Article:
The State Department said the United States has been told by North Korea that two American journalists it detained last week are being well-treated.
Officials here said the United States has been in contact with North Korea through its United Nations mission in New York and indirectly through the Swedish embassy in Pyongyang which handles U.S. affairs there.
But they're providing only sparse information about the case, in the apparent hope the matter can be resolved through quiet diplomacy.
North Korea's official news agency said on Saturday that Americans Laura Ling and Euna Lee, reporters for the San Francisco-based media outlet Current TV, were taken into custody March 17 along the China-North Korea border.
State Department Acting Spokesman Robert Wood said the United States has been assured by North Korea that they are being well treated, and that U.S. officials "are aware" of reports they are being questioned for alleged espionage.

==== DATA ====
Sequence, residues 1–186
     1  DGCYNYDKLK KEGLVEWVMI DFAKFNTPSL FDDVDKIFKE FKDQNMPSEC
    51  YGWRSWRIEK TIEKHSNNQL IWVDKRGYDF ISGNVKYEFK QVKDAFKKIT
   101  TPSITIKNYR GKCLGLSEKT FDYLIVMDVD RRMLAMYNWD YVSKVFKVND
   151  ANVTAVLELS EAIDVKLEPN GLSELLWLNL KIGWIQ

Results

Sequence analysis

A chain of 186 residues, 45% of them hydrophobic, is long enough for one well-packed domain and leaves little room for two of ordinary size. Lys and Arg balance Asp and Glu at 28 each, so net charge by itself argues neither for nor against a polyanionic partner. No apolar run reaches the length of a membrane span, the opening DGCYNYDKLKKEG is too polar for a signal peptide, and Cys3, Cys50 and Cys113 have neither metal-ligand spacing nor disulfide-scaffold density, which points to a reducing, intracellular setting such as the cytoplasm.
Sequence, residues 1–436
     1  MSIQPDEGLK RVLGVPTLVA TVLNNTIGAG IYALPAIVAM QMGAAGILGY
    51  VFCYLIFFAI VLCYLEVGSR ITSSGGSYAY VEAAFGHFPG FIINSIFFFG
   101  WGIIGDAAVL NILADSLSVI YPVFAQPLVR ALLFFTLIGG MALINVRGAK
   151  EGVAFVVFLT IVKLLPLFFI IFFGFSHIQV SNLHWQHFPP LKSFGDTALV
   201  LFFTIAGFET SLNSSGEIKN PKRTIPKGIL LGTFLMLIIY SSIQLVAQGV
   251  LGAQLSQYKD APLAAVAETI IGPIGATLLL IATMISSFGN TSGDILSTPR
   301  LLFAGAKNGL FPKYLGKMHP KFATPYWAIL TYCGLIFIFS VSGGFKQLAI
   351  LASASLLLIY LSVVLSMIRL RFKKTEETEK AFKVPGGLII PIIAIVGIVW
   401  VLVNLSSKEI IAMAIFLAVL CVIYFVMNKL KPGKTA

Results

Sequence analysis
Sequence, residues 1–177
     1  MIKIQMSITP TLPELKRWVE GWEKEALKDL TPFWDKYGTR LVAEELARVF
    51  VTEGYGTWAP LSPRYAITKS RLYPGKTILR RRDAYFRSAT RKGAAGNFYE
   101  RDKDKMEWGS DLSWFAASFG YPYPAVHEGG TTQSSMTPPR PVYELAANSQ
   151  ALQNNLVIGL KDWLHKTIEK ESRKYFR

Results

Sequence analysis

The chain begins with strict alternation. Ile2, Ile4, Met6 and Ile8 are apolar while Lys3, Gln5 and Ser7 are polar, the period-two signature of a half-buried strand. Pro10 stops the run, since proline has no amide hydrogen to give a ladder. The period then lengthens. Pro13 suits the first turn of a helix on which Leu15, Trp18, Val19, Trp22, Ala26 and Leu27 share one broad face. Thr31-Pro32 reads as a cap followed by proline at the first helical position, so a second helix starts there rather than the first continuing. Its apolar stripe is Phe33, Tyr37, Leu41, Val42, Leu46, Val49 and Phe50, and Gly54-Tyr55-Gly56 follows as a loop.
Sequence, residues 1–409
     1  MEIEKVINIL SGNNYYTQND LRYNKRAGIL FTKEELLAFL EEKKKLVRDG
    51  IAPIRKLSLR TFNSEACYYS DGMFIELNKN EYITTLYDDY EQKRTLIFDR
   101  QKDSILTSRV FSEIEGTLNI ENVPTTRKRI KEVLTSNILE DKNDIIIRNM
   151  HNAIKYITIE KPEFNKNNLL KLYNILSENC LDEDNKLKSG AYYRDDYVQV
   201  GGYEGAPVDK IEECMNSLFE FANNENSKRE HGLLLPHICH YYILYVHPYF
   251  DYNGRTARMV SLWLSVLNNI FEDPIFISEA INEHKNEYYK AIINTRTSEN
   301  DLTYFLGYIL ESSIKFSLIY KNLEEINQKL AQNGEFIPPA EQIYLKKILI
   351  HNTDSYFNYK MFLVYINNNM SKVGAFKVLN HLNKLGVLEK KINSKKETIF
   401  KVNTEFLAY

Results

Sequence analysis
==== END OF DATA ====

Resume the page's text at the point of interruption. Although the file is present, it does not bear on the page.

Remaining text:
But he declined to address the merit of the spy allegations, saying U.S. officials feel that debating the matter in public is not helpful.
"As I've said, we're trying to work this issue diplomatically. For me to stand up here and talk about it in detail is not helpful. So I'm just going to limit my comments to what I've given you today. I mentioned to you yesterday that I think the less said from here the better in terms of trying to win the release of these two Americans," said Wood.
A senior official here said the State Department has been in touch with the families of the two women and is trying to arrange consular access to them by Swedish diplomats.
He said it is a matter of concern that North Korea has not disclosed where they are being held, and said the United States is keeping the matter low-key because it is dealing with what he termed a "very unpredictable actor" in the North Koreans.
On another issue, spokesman Wood described as unhelpful and counter productive a threat by North Korea to scuttle the six-party talks on its nuclear program if Pyongyang is hit with U.N. sanctions for launching a long-range missile.
North Korea has said it will launch an experimental satellite during the first week in April, action U.S officials said would just be a guise for a ballistic missile test banned by a 2006 U.N. Security Council resolution.
The United States has urged North Korea to forgo the launch and return to the Chinese sponsored negotiations, which spokesman Wood said have made progress and provide a viable framework for achieving peace on the Korean peninsula.